Seo receives award to study cross-laminated timber for bridges

Junwon Seo tests a cross-laminated timber specimen
Associate Professor Junwon Seo works on the lab testing of a cross-laminated timber specimen. He will conduct the first U.S. study of cross-laminated timber on low-volume bridges.

Cross-laminated timber has grown substantially in popularity for use in exterior walls, floors, partition walls and roofs. However, it has not been used in highway bridges in the United States.

A South Dakota State University faculty member will be the first person in the U.S. to study the use of cross-laminated timber on a low-volume vehicle bridge.

Junwon Seo, an associate professor in the Department of Civil and Environmental Engineering in the Jerome J. Lohr College of Engineering at SDSU and chair of the American Society of Civil Engineers Timber Bridges Committee, has received a $375,700 award from the U.S. Department of Agriculture’s Forest Service through its Wood Innovations Grant Program. The figure includes $125,700 of in-kind contributions.

According to the Forest Service, the grant program received 103 proposals from different government and industrial agencies and academic institutions. It selected the 35 projects for funding. Since 2015, this award has been the first Wood Innovations Grant awarded in South Dakota.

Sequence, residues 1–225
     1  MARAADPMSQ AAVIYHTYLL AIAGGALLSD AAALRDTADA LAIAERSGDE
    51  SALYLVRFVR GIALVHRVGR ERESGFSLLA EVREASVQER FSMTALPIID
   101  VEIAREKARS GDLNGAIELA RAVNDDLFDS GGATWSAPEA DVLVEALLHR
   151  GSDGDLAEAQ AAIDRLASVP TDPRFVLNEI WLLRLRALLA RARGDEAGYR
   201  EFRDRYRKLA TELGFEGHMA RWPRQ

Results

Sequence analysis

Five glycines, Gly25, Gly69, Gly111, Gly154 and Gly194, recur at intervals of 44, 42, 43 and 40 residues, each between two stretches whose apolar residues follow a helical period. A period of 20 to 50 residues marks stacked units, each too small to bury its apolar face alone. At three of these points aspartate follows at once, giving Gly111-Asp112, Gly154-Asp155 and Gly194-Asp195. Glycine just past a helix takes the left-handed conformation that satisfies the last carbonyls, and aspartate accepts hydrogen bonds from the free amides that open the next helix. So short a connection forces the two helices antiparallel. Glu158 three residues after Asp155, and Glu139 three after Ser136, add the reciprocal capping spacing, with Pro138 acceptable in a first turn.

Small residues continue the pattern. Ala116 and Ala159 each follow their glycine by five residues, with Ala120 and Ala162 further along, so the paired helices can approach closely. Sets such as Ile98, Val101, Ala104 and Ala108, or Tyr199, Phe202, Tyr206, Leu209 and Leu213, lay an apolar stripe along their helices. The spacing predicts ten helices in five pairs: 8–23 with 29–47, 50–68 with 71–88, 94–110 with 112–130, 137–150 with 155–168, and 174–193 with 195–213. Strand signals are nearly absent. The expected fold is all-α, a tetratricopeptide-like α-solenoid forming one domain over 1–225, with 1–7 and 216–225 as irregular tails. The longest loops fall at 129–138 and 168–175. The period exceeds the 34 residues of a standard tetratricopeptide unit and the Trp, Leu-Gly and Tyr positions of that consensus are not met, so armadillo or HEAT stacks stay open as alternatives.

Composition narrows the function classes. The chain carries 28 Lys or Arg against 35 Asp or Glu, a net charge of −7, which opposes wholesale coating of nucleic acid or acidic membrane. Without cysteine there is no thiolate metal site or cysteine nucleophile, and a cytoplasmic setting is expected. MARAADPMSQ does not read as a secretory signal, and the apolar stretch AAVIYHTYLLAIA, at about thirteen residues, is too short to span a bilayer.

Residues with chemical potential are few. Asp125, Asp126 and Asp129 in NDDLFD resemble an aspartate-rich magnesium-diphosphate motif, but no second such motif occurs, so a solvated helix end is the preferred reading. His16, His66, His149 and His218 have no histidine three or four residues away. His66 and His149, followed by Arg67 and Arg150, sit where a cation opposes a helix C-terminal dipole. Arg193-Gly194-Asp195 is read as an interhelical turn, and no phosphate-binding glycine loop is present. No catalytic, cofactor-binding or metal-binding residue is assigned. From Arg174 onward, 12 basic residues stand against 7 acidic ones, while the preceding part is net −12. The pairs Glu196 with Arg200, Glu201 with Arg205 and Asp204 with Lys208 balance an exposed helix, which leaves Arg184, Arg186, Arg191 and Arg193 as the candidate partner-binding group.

Seo said the success of receiving the award was based on his previous laboratory investigation funded by USDA NIFA through the North Central Regional Sun Grant Center at SDSU and the U.S. Department of Transportation through the Mountain-Plains Consortium. In the project, Seo demonstrated cross-laminated timber can be used as structural bridge materials to resist dead loads and live loads.

Seo’s plan is to design, fabricate and build a field demonstration bridge through the collaboration with various government agencies, cross-laminated timber producers and bridge engineers. Also, Seo will assess the wheel load distribution and load rating of the bridge through collaboration with a Minnesota county and monitor its moisture contents and deterioration through visual inspection for at least six months.

“CLT has great potential to promote wood products markets in bridges on low‐volume roads such as rural or forest roads. These efforts will be a significant benefit that demonstrate the feasibility of the demonstration CLT bridge and that provides forefront information needed to create new standards for exterior applications of CLT,” Seo said.